Expand that beyond Israel and Mr. Adelson has quite effectively outlined the driving rationale behind Rudy Giuliani's bid for the presidency: Other candidates might say the right things, but Rudy actually does them. And he has for years.
For many Americans, Rudy became a fixture in the national consciousness following the terrorist attacks of Sept. 11, 2001. But for those of us in the Jewish community, Rudy's competence and resolve on 9/11 and the days thereafter were precisely the traits he had displayed time and again prior to that fateful day -- traits we know well.
After all, many of Rudy's greatest triumphs came as mayor of the city that is home to the world's largest Jewish population outside of Israel. He understands our community and our needs. He also understands the need to show strength and resilience in the face of terrorism.
In October 1995, fresh off collecting the Nobel Peace Prize and basking in the warm embrace of the Clinton administration, Yasser Arafat attended a private concert for world leaders at New York's Lincoln Center. Rudy, hosting the event, promptly had the uninvited Arafat evicted, much to the chagrin of the White House, the State Department and The New York Times.
Rudy's response to the uproar?
"I would not invite Yasser Arafat to anything, anywhere, anytime, anyplace," he said.
Similarly, when Saudi Prince Alwaleed bin Talal gave a $10 million check to the Twin Towers fund and followed it up by blaming the attacks on American support for Israel, Rudy returned the check. The prince's comments, he said, were not merely flat wrong, they were "part of the problem."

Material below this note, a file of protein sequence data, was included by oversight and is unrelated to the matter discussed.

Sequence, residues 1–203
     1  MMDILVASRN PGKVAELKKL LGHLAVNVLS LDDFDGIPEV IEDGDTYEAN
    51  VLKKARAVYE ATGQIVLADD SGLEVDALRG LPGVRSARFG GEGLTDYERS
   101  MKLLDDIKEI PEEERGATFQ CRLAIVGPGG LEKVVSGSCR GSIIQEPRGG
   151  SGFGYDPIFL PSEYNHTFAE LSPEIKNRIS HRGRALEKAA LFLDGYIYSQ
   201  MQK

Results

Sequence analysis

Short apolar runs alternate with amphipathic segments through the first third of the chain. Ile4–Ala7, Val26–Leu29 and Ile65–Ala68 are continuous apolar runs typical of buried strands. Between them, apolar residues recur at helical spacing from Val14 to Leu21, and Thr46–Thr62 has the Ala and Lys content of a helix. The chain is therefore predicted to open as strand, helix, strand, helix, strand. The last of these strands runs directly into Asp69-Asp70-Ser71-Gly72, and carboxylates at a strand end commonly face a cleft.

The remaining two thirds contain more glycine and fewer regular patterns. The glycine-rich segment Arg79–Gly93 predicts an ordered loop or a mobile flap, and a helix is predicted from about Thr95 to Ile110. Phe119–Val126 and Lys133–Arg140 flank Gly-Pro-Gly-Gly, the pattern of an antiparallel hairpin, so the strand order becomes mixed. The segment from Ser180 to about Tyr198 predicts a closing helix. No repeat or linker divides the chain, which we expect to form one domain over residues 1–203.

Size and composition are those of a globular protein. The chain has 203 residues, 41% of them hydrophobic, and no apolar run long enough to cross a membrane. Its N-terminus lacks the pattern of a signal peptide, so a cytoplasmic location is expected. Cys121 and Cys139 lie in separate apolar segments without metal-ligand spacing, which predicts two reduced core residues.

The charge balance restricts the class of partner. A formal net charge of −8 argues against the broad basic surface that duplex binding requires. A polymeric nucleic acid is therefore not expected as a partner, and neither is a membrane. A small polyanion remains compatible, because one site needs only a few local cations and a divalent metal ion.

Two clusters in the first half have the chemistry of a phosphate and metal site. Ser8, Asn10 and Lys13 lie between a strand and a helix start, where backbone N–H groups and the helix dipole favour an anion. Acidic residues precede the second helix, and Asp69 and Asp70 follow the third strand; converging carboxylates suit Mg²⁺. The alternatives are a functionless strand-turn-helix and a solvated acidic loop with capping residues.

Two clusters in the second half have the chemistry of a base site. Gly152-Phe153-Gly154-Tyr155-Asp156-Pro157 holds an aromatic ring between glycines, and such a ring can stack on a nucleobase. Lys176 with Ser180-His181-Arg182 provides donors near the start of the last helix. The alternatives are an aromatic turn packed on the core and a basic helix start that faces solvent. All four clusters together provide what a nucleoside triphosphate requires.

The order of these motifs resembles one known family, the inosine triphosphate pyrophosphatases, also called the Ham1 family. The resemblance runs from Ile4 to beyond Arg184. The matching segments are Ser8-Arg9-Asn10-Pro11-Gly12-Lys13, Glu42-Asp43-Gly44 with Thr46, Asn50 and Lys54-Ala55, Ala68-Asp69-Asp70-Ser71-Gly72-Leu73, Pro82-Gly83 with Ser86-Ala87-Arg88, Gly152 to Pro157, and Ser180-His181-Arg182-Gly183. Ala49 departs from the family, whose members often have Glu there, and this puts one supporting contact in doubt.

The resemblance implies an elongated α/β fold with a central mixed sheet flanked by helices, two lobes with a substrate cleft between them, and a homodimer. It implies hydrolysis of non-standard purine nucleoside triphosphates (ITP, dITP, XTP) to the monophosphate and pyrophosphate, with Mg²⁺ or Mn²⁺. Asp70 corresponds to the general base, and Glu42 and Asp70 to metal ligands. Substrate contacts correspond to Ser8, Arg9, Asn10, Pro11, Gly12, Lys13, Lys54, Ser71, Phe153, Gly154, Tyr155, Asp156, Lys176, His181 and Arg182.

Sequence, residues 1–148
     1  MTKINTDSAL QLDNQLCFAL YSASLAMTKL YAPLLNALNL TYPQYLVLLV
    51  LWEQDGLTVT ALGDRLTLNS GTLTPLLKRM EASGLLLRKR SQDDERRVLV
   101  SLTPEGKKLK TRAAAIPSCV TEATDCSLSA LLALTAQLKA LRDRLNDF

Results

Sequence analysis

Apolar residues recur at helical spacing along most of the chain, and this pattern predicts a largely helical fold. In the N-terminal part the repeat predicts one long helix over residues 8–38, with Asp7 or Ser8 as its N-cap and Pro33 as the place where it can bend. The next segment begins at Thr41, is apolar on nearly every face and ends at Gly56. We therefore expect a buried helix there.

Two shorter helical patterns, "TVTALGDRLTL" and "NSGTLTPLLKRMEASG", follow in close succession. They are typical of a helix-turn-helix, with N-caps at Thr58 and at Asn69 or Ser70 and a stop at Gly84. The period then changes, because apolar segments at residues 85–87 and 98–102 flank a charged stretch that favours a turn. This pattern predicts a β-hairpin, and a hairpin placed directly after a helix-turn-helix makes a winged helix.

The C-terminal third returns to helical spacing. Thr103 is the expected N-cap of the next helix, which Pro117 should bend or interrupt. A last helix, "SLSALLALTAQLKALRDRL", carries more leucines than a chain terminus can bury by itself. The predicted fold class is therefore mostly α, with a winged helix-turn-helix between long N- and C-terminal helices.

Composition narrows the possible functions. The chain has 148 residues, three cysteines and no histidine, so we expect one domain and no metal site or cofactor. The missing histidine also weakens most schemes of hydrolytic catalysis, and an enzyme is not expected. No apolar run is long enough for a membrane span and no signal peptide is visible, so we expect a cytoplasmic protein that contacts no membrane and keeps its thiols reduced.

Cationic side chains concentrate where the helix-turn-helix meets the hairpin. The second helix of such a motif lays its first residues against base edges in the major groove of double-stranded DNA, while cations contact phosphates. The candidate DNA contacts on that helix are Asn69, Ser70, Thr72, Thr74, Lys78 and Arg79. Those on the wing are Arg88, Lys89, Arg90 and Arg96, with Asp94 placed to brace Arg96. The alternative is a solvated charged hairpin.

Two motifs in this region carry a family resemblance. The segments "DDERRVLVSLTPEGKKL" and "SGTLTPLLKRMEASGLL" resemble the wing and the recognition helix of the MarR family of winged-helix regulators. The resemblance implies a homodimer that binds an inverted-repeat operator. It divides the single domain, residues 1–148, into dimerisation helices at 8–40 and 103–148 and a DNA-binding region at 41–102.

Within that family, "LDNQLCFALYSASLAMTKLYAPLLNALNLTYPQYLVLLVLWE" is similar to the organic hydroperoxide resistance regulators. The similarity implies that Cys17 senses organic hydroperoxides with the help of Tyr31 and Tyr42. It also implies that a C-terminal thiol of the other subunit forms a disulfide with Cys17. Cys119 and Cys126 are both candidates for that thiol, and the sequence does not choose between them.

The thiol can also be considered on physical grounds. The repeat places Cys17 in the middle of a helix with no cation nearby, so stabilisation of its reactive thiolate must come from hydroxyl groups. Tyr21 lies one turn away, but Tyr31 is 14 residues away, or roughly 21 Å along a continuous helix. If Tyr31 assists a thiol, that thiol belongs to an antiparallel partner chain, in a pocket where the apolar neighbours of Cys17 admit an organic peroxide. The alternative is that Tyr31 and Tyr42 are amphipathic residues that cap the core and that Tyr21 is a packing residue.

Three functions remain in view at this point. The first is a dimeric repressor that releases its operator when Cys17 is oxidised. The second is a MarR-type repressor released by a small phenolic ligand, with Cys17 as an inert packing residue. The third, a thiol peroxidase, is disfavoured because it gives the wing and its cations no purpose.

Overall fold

Both his past actions and recent statements have proven that without question, Rudy Giuliani has the moral clarity necessary to lead our nation. This is a man who understands the definition of a tyrant and terrorist, and what it means when the government of the United States publicly coddles them. This is a man who understands that there are consequences to ambiguity on the international stage and who repeatedly, forcefully, has expressed his support for the State of Israel.
To many, this is reason enough to support Rudy Giuliani for president. But there is far more to like about the prospect of a President Rudy Giuliani.
Rudy has committed to leading America toward energy independence, expressing a desire to mobilize the nation behind a full-scale initiative similar to the Apollo Project that culminated in millions of people worldwide witnessing an American astronaut walk on the moon.
Our national dependence on oil is not simply an environmental concern but also an issue of national security. The reality is as long as our nation continues to rely on oil -- much of which we must obtain from foreign sources -- to fuel so much of what we do, we are in the dangerous and costly position of financing our enemies.
That has to change, and with Rudy in the White House, America will immediately begin down the path to energy independence.
Rudy is focused also on decreasing the cost and increasing the quality of American health care through the only vehicle that can successfully do both -- the free market. The millions of Americans who are uninsured deserve access to affordable, high-quality health care. By creating a tax-free-income exclusion for those without employer-based health care, expanding Health Savings Accounts and providing health-care tax credits to lower-income Americans, Rudy will help them get it -- and he'll do so via distinctly American solutions.
It's election time, which means we hear a lot of rhetoric and a lot of promises from a lot of politicians. But with Rudy there's a record to back up that rhetoric, those promises, and few understand this quite like the Jewish community. We've seen him up close, we understand what this man can do and who he is: an executive of unmatched accomplishment, a leader of world renown, and an unwavering friend to Israel and the Jewish community worldwide.
Norm Coleman is a U.S. senator from Minnesota and serves as Minnesota state chairman and Midwest regional chairman for the Rudy Giuliani Presidential Committee.
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|Rudy Giuliani||John McCain||Mitt Romney||Ron Paul|
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